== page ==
One participant in an MTV True Life documentary learned the real-world consequences of appearing on the reality show just weren’t worth it.
Convicted drug supplier David Robert Nickell sued show producers, MTV and its parent company Viacom, claiming it’s their fault he landed behind bars after appearing on an episode. But Viacom is fighting the allegations and lawyers for the company have filed a motion to dismiss the case.
In legal documents obtained by RadarOnline.com, network attorneys write, “In the episode of True Life that aired, Plaintiff is seen driving with a friend, Cortney Howard, to purchase and use—per his later admissions—certain controlled substances. In at least one of the scenes, Howard’s five-year-old son is in the backseat of the car while Plaintiff—again, as he would later admit to authorities—makes an illegal purchase of a drug for Howard, which she then snorts from the hood of the car.”
The lawyers go on to reveal the harsh consequences of 33-year-old Nickell’s actions. They write, “After the program aired, both Plaintiff and Howard were prosecuted by the Commonwealth of Kentucky in connection with their actions on the program, with Plaintiff ultimately pleading guilty to a felony and, as a result, he was incarcerated for seven months.”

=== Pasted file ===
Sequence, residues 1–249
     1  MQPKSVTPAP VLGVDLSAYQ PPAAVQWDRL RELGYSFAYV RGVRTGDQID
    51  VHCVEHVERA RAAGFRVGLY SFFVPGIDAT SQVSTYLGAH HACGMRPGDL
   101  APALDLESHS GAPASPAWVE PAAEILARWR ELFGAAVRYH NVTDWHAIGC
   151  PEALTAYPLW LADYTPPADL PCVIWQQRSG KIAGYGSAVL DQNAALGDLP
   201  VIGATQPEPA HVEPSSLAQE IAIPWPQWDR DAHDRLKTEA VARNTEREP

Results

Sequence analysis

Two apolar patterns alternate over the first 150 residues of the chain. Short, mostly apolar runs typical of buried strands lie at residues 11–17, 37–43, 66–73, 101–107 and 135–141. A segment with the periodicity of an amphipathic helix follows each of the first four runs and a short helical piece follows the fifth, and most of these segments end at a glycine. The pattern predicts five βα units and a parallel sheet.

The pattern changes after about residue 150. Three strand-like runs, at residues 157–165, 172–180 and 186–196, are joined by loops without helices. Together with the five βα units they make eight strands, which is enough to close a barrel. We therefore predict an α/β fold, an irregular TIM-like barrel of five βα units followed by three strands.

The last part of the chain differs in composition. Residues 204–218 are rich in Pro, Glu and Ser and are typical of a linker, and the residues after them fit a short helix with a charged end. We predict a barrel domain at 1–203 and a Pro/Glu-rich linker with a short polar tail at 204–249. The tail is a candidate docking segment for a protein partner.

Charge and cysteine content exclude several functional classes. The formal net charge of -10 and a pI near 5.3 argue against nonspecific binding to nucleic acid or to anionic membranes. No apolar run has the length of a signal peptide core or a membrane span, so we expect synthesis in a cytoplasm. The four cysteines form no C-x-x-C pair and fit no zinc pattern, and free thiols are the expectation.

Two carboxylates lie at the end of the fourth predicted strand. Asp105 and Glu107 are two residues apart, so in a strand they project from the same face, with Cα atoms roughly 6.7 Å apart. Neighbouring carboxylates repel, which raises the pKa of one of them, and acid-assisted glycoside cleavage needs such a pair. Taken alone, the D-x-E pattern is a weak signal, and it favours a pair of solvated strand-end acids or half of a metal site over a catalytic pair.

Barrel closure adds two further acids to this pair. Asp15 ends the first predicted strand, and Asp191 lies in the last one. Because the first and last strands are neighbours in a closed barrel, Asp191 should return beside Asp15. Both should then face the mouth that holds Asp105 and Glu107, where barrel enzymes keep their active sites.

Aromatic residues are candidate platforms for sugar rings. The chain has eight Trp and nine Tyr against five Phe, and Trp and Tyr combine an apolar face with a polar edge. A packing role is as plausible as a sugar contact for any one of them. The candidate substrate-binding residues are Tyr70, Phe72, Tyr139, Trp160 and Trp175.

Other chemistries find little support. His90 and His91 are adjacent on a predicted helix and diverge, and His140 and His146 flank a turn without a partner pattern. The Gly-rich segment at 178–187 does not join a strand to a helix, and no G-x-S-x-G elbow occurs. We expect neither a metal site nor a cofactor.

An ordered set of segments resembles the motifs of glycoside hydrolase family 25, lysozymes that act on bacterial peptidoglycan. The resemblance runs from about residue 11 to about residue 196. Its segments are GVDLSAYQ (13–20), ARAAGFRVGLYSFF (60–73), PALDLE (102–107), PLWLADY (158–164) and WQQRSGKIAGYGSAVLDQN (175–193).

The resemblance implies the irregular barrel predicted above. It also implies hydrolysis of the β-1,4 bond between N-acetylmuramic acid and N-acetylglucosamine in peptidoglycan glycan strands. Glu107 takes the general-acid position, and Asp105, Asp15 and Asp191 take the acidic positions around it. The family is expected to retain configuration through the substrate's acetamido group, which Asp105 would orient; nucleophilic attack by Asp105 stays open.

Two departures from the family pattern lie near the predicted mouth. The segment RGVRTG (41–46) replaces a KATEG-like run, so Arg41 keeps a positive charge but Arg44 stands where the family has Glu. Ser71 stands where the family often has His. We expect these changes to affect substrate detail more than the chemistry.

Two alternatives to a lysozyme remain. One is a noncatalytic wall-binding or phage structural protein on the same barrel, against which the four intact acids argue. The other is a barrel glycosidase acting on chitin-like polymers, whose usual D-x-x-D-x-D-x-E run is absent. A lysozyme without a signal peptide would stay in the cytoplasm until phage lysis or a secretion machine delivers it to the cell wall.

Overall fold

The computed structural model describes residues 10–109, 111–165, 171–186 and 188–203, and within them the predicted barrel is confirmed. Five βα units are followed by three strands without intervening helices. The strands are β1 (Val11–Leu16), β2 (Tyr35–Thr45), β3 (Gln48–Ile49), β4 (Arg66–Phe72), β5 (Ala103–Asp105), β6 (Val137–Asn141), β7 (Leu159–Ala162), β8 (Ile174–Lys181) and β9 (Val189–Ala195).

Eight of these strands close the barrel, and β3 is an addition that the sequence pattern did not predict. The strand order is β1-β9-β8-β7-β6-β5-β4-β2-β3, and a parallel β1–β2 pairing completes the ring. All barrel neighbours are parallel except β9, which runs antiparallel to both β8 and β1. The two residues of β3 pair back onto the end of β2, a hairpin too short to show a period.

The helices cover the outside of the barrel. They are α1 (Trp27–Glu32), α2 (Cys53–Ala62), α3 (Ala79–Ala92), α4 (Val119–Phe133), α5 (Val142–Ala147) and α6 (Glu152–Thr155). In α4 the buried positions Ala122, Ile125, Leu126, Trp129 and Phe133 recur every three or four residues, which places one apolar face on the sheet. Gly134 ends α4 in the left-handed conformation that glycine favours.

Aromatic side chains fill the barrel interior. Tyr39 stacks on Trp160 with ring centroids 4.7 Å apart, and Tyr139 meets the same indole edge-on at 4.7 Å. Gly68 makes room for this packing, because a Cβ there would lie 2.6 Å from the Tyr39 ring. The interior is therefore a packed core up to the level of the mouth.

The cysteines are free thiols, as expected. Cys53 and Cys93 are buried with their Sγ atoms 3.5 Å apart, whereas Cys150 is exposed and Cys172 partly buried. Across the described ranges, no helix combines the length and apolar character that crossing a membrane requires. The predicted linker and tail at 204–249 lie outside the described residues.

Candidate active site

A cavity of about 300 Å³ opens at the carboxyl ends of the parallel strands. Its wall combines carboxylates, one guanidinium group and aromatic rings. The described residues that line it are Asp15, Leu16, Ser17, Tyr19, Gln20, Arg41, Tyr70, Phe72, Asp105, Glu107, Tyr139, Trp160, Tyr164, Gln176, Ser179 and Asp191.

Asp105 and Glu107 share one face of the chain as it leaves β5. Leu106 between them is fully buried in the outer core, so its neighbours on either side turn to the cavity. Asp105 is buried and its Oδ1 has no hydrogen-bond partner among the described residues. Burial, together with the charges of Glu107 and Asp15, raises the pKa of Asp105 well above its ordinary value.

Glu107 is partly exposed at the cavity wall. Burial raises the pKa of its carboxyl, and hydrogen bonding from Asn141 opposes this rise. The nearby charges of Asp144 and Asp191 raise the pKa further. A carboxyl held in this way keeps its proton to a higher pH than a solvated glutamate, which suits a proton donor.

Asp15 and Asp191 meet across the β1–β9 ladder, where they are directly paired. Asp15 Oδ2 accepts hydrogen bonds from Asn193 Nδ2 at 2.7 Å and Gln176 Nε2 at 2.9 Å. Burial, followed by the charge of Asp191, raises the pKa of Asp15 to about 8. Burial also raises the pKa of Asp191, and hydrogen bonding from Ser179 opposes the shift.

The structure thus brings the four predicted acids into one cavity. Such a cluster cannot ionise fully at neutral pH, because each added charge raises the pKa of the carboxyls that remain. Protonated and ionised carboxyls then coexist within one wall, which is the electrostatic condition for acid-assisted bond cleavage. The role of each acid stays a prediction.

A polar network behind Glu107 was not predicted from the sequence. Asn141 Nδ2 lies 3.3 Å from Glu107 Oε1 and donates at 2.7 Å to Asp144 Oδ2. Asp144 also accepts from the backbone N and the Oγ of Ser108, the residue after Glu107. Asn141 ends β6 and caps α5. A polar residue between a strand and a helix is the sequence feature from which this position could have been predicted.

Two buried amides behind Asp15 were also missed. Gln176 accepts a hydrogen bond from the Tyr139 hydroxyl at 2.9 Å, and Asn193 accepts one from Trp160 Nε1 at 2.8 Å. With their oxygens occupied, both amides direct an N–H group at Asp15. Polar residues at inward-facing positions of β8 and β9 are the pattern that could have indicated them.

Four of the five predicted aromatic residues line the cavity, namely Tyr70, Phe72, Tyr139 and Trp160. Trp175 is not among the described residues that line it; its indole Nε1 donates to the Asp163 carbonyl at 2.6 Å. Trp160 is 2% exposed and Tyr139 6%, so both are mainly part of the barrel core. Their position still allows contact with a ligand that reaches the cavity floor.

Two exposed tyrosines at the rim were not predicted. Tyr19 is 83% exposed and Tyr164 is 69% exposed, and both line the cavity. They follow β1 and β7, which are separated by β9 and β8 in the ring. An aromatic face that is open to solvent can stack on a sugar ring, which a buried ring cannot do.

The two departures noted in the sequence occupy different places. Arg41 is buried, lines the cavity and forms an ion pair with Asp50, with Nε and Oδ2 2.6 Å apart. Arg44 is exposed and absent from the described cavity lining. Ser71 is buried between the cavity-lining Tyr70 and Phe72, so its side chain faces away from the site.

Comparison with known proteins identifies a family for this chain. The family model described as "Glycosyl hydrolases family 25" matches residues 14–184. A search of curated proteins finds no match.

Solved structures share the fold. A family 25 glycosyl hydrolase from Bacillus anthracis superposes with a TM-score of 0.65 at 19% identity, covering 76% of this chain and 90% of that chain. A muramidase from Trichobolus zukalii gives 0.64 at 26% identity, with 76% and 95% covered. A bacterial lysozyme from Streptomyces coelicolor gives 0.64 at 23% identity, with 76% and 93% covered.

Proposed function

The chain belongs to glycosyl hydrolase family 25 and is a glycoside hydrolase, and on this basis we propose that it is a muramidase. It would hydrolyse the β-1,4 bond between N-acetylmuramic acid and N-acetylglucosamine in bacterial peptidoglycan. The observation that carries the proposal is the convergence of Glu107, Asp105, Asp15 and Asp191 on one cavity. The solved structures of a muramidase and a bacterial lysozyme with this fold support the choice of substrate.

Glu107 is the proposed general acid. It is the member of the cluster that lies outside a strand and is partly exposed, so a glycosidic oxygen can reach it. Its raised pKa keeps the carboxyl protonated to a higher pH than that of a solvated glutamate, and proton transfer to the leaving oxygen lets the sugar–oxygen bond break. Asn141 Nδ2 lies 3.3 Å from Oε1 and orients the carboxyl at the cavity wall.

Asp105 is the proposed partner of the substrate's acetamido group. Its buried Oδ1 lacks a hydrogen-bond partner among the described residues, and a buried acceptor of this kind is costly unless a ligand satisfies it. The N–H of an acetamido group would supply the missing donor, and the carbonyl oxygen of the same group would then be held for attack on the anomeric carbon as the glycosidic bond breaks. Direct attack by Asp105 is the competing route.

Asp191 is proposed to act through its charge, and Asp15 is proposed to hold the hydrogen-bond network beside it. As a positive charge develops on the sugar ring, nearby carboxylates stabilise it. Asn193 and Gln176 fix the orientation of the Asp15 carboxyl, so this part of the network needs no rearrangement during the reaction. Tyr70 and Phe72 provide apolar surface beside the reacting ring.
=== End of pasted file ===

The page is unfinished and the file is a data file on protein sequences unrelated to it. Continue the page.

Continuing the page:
Nickell now reportedly alleges in a lawsuit that a producer for the MTV program True Life: I’m Addicted to Pills told him that he could not get in trouble even though he was breaking the law.
But lawyers on behalf of the producer hit back, insisting, “In exchange for this TV exposure, Nickell executed a standard television industry appearance release agreement, which stated in plain terms that he ‘willingly and voluntarily assumed the personal risks involved’ by participating in the television program, and unequivocally released the producers of the program (and all of their affiliates and assigns) from ‘any and all’ claims that may arise in connection with his appearance on the episode.”
“He also agreed to be responsible for any attorneys’ fees and costs incurred in defending a lawsuit brought in violation of the release,” they continue. “Despite this express agreement, Plaintiff brings this action in direct conflict with his commitments.”